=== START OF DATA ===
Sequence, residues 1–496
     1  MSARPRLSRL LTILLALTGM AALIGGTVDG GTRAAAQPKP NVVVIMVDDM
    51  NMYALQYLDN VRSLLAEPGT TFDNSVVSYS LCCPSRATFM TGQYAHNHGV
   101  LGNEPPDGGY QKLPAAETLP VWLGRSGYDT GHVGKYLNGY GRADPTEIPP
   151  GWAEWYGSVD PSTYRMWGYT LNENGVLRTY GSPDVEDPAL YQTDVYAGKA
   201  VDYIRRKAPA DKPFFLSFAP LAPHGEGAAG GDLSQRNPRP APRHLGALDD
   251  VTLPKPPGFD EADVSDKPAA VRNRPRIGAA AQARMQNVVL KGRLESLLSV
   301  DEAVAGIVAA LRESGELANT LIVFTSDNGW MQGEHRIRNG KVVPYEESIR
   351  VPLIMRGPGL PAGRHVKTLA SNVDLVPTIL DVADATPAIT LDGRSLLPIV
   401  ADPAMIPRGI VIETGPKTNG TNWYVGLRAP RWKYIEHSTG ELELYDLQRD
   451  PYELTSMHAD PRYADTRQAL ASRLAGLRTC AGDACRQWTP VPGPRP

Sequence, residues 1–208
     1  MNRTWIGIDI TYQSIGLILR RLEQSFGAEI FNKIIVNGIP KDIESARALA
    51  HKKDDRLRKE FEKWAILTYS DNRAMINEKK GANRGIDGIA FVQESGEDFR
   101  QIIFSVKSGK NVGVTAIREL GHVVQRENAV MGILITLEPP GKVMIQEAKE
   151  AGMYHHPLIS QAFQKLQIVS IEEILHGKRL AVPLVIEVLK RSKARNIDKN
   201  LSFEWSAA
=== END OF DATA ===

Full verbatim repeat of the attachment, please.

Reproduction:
Sequence, residues 1–496
     1  MSARPRLSRL LTILLALTGM AALIGGTVDG GTRAAAQPKP NVVVIMVDDM
    51  NMYALQYLDN VRSLLAEPGT TFDNSVVSYS LCCPSRATFM TGQYAHNHGV
   101  LGNEPPDGGY QKLPAAETLP VWLGRSGYDT GHVGKYLNGY GRADPTEIPP
   151  GWAEWYGSVD PSTYRMWGYT LNENGVLRTY GSPDVEDPAL YQTDVYAGKA
   201  VDYIRRKAPA DKPFFLSFAP LAPHGEGAAG GDLSQRNPRP APRHLGALDD
   251  VTLPKPPGFD EADVSDKPAA VRNRPRIGAA AQARMQNVVL KGRLESLLSV
   301  DEAVAGIVAA LRESGELANT LIVFTSDNGW MQGEHRIRNG KVVPYEESIR
   351  VPLIMRGPGL PAGRHVKTLA SNVDLVPTIL DVADATPAIT LDGRSLLPIV
   401  ADPAMIPRGI VIETGPKTNG TNWYVGLRAP RWKYIEHSTG ELELYDLQRD
   451  PYELTSMHAD PRYADTRQAL ASRLAGLRTC AGDACRQWTP VPGPRP

Sequence, residues 1–208
     1  MNRTWIGIDI TYQSIGLILR RLEQSFGAEI FNKIIVNGIP KDIESARALA
    51  HKKDDRLRKE FEKWAILTYS DNRAMINEKK GANRGIDGIA FVQESGEDFR
   101  QIIFSVKSGK NVGVTAIREL GHVVQRENAV MGILITLEPP GKVMIQEAKE
   151  AGMYHHPLIS QAFQKLQIVS IEEILHGKRL AVPLVIEVLK RSKARNIDKN
   201  LSFEWSAA